Fire blocks lose a beloved business; But it added a lot

“This has been a really strong, mixed-use area in our downtown,” said Sandy Gudorff, president of the Downtown Dayton Partnership. “It’s the happening place right now – there’s a great buzz and lots of activity.”

Children walk along East Third Street in the Fire Block District. Cornelius Frolic / Staff

Children walk along East Third Street in the Fire Block District. Cornelius Frolic / Staff

Downtown Dayton Optical is closing at 112 E. Third St. after more than 13 years of operation, which patrons say is a big loss for downtown. The store stopped taking walk-in business last week, but it’s still fulfilling outstanding orders before closing its doors for good.

The Dayton Daily News was unable to reach owner Kevin Harrington for comment, but several workers and customers said the business has closed due to health issues.

Downtown Dayton Optical sold single-vision glasses for $40 (or two pairs for $60), and two pairs of lined bifocals for $100—prices that many customers found too hard to beat.

Walking distance from downtown Dayton Optical on Wednesday. Cornelius Frolic / Staff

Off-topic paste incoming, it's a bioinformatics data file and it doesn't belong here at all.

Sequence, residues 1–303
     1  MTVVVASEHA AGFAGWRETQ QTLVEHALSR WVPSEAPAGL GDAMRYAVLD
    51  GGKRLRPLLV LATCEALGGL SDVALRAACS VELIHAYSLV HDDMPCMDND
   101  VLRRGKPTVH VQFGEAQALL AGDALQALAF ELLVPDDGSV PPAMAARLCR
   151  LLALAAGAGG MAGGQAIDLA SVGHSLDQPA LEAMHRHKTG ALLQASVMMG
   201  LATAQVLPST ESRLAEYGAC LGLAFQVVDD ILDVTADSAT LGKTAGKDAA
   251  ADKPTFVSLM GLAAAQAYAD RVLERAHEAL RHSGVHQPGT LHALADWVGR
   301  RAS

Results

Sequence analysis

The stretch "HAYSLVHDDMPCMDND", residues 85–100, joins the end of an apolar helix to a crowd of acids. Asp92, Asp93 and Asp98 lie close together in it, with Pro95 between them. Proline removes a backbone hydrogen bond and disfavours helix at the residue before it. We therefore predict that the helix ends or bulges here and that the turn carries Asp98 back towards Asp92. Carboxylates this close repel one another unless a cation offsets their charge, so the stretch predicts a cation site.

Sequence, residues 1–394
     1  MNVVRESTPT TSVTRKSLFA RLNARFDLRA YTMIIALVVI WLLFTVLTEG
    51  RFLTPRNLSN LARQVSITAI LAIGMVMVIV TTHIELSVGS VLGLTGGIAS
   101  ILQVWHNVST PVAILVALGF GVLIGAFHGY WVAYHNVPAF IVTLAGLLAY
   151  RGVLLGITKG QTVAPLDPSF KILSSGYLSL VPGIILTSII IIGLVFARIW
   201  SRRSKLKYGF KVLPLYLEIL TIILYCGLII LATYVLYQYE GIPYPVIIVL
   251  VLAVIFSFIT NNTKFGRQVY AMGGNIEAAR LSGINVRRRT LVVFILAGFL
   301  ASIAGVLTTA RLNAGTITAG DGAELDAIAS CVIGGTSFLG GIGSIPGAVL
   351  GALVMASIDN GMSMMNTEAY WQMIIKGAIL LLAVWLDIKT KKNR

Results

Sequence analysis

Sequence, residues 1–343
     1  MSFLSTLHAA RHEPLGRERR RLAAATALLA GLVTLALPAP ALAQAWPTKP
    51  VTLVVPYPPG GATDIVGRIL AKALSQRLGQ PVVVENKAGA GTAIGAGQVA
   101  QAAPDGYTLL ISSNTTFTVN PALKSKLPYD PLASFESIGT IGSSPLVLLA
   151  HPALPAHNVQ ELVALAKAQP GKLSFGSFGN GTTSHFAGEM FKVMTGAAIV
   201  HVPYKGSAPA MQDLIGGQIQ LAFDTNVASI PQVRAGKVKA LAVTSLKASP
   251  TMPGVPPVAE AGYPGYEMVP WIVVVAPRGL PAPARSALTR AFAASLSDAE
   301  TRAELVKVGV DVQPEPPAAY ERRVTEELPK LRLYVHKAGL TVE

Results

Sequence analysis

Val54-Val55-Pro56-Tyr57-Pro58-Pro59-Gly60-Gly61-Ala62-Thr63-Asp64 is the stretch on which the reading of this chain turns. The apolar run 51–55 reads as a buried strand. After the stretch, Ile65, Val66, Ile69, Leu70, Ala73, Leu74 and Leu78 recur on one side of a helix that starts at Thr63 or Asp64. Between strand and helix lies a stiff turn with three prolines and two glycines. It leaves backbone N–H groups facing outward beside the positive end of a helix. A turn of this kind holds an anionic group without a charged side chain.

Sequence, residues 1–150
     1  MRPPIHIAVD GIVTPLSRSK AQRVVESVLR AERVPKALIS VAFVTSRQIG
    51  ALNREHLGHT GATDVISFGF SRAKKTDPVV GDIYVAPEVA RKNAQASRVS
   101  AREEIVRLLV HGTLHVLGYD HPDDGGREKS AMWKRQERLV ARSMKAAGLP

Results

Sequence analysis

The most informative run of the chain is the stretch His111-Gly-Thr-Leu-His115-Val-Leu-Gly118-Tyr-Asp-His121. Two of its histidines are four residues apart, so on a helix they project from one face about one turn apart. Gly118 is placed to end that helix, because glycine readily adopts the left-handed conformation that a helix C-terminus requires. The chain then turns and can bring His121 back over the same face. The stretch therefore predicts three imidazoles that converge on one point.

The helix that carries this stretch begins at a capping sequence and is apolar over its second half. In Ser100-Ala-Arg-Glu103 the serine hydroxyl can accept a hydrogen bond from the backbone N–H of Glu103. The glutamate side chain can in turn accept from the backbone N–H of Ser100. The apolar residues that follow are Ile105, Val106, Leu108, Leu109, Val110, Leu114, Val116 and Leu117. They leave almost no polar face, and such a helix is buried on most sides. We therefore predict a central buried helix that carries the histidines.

Walking distance from downtown Dayton Optical on Wednesday.  Cornelius Frolic / Staff

Walking distance from downtown Dayton Optical on Wednesday. Cornelius Frolic / Staff

“They do a great job, and I hate to hear they’re closing,” said Theresa Nash of Dayton, a repeat customer.

Harrington made and fitted the glasses himself – a talent he learned while working as an apprentice at West Milton Optical. Last week his store staff distributed business cards for West Milton Optical.

When Downtown Dayton Optical opened in 2009, the Fire Block District was a far cry from what it is today.

Downtown Dayton Optical opened in 2009 in the 100 block of East Third Street in the Fire Block District. Cornelius Frolic / Staff

Downtown Dayton Optical opened in 2009 in the 100 block of East Third Street in the Fire Block District.  Cornelius Frolic / Staff

Downtown Dayton Optical opened in 2009 in the 100 block of East Third Street in the Fire Block District. Cornelius Frolic / Staff

The district, built around the 100 block of East Third Street, has changed dramatically in the past four years since Columbus-based Windsor Companies acquired and began redeveloping a group of buildings in the area.

Empty storefronts are filled with restaurants, bars and other independent small businesses. Newcomers to the district include Tony & Pete’s, a new market and sandwich shop, and Now and Jane DIY Studio, a terrarium building studio.

They join two recently added socials, a bar and sports lounge; Bozak’s Lounge, a bar; Jollity, a restaurant; Salt Block Biscuit Co.; And Third Perk Coffeehouse and Wine Bar.

A man walks through the fire block district on East Third Street in downtown Dayton. Many buildings in the district have been rehabilitated with the help of state historic preservation tax credits. Cornelius Frolic / Staff